Earlier this week Indiewire‘s David Ehrlich posted a survey piece titled “The Best Movie Plot Twists of All Time.” Various critics had passed along their favorites, etc.

Allow me to start my own conversation about same, and to begin by noting that far too many screenwriters are convinced that third-act twists are essential components for a strong commercial script. What they’ve become, in fact, is a kind of pestilence. The third-act switcheroos on the parts of Woody Harrelson and Emilia Clarke‘s characters in Solo (i.e., “You thought I was an ally but I’m not”) are but one example. That bullshit twist in Adrift is another.

People also need to understand the difference between a twist and a striking third-act plot development. Revealing that the young Charles Foster Kane‘s sled was called “Rosebud” is not a twist — it’s simply a revelation. Ditto Kevin Spacey telling Brad Pitt and Morgan Freeman that he visited Pitt’s wife, Tracy, and cut off her head and then sent it special delivery in a box. That’s not a twist — that’s a stunning macabre occurence.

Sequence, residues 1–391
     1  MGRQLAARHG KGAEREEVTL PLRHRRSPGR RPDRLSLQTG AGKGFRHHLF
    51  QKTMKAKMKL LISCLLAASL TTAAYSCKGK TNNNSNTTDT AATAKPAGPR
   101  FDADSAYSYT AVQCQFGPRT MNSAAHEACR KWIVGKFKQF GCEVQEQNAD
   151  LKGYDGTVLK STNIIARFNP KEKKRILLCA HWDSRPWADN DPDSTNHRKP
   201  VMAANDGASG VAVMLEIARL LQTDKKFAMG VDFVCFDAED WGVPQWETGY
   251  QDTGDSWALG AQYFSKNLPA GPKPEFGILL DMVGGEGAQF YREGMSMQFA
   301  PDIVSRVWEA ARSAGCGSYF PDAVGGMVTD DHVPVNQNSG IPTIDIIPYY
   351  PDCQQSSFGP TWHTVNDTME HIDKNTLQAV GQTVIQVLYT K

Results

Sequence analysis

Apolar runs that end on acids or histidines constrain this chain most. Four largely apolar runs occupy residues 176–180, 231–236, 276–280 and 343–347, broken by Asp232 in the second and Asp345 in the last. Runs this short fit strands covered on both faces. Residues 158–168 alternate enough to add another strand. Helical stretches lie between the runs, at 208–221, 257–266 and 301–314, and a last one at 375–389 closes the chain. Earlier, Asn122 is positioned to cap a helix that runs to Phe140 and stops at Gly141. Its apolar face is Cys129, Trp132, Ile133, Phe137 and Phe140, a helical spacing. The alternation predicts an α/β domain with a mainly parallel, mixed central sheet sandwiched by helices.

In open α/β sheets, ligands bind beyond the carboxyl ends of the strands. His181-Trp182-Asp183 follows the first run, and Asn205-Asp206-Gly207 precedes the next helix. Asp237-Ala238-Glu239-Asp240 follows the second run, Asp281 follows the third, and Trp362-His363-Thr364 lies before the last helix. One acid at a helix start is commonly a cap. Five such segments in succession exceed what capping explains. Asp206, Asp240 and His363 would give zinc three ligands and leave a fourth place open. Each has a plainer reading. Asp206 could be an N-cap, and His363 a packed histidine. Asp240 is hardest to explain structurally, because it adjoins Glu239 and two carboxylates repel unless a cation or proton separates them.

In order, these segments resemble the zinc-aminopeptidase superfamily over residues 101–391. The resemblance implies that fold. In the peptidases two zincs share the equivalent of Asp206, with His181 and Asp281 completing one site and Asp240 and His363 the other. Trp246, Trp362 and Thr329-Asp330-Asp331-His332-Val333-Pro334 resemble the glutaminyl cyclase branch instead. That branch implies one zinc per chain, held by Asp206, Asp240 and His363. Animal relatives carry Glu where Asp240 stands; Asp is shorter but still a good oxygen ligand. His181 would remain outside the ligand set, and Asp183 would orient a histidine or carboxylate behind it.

The coolest, most satisfying, top-ten twists in own moviegoing experience, and in this order: 1. M. Night Shyamalan‘s The Sixth Sense; 2. George Roy Hill‘s The Sting; 3. Bryan Singer‘s The Usual Suspects; 4. Gregory Hoblit‘s Primal Fear; 5. Irvin Kershner‘s The Empire Strikes Back. 5. Franklin Schaffner‘s Planet of the Apes; 6. Alfred Hitchcock‘s Psycho; 7. Alejandro Amenabar‘s The Others; 8. Alan Parker‘s Angel Heart; 9. John Ford‘s The Man Who Shot Liberty Valance. 10. Neil Jordan‘s The Crying Game.

Cheap, rabbit-pull twists that didn’t feel earned or particularly satisfying: Roger Donaldson‘s No Way Out; 2. David Fincher‘s Gone Girl; 3. David Fincher‘s The Game; 4. Christopher Nolan‘s The Prestige; 5. Martin Scorsese‘s Shutter Island. Others?